Finding out you’re pregnant, whether you’ve been planning for it or not, is a lot to take in. If you think you might be pregnant, it’s best to confirm this first by taking a pregnancy test or visiting your GP. Once you know for sure, there are some people you probably need to have discussions with.
For some young people, telling others about the pregnancy may be tough. It’s normal to feel nervous about this, or to want to avoid having the discussion. Perhaps you know your parents will be unhappy about it. Or perhaps you need to tell the other person, and are unsure how they’ll react.
If you’re not sure how to broach the topic with other people, here are some tips to help.
Process it yourself first
You might be happy with the news that you’re pregnant, surprised by it, or disappointed. You may even feel angry or upset. It’s completely normal to feel a range of emotions. Before making any decisions or asking other people for their advice, take a moment to think about what this means for you and what you want.
This also applies if you're the other person involved in the pregnancy. Finding your place at this moment can be tricky, which is why it can be helpful to take some time to process your role in the pregnancy, and the range of emotions this may bring.
There are some things you may want to think over first.
- Do you want to have a baby?
- How will having a baby affect your life, or your ability to work or study?
- How might it affect your physical or mental health?
- How might it affect your relationships?
- Do you have religious beliefs that may affect your decision to have a baby?
There’s a lot to think about, so take your time and remember that whatever you choose to do from here is your choice.
If you’d like support in thinking over everything, you can give Pregnancy Counselling Australia a call on 1300 737 732. They offer compassionate and confidential phone counselling 24/7 specifically for people who are pregnant.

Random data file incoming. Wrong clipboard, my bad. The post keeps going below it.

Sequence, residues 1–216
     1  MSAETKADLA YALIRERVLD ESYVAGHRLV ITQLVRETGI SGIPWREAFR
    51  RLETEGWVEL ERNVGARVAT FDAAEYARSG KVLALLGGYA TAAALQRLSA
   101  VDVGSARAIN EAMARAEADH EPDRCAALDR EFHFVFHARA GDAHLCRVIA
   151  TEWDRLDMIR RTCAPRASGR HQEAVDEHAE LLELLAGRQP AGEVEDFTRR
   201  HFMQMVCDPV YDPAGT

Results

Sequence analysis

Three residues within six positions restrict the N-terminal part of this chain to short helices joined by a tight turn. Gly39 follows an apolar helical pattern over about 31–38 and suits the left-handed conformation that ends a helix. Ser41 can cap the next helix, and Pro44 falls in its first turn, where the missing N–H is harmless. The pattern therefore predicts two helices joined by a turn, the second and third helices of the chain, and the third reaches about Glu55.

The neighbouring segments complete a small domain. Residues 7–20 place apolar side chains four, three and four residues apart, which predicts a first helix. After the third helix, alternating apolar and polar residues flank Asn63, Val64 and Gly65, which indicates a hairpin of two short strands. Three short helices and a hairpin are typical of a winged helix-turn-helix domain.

Tell a trusted friend or family member first
Once you’ve had a moment to think over the pregnancy yourself, it’s a good idea to speak to someone you know and trust about it. This might be a close friend, a parent, a sibling, an elder, a teacher or a mentor.
Whoever it is you trust to help you, make time to talk with them distraction-free, so you can be open and honest. You might want to discuss how you feel, what your plans are for the pregnancy, and anything else that’s worrying you. If there are people you’re nervous about telling, see if your trusted person can come and support you when you’re having the conversation.
Seek support if you need it
Finding out you're pregnant can feel stressful and overwhelming. It’s important to remember that pregnancies happen all the time – both planned and unplanned – and it doesn’t need to have a negative impact on your life. You can still live a full and rich life with a child, doing all the things you’ve planned to do. Or, if you decide to terminate your pregnancy, you can move on and achieve what you want in life.
If this news is a bit much for you to process, or if you’re worried about the affect it will have on your relationships when you tell certain people – get some professional help as soon as you can. You can visit your local headspace centre to speak confidentially with a professional about your concerns.
Make a plan before you tell people
If you’re anxious about telling your parents, friends, or the other person, it could be because you think they might get angry or upset. Having difficult conversations, when you’re not sure how someone will react, can be really challenging – but there are some ways you can make it easier.
Firstly, remember that they may not have the reaction you expect. You won’t know until you actually talk with them, so keep an open mind.
Before having the conversation, it may help to plan out what you’re going to say and write down some notes or dot points. This way, if people get upset you can stay focused on what you’d like to say without getting lost.
Make a time to talk when there’s nothing else going on, and you can even bring your trusted friend or family member along for support if you need. It may be best to come right out and say that you’re pregnant. Just remember that if people get upset or don’t react in the way you expect, their reaction shouldn’t affect your decision about the pregnancy.
Getting pregnant can be stressful and overwhelming, and sharing this information with others may be hard. If you need help planning how to tell people, you can always reach out to your local headspace centre for support and advice. It might also help to see what other young people have thought and done when they found out they were pregnant, and what our eheadspace clinicians’ advice was. Check out the eheadspace group chat on pregnancy.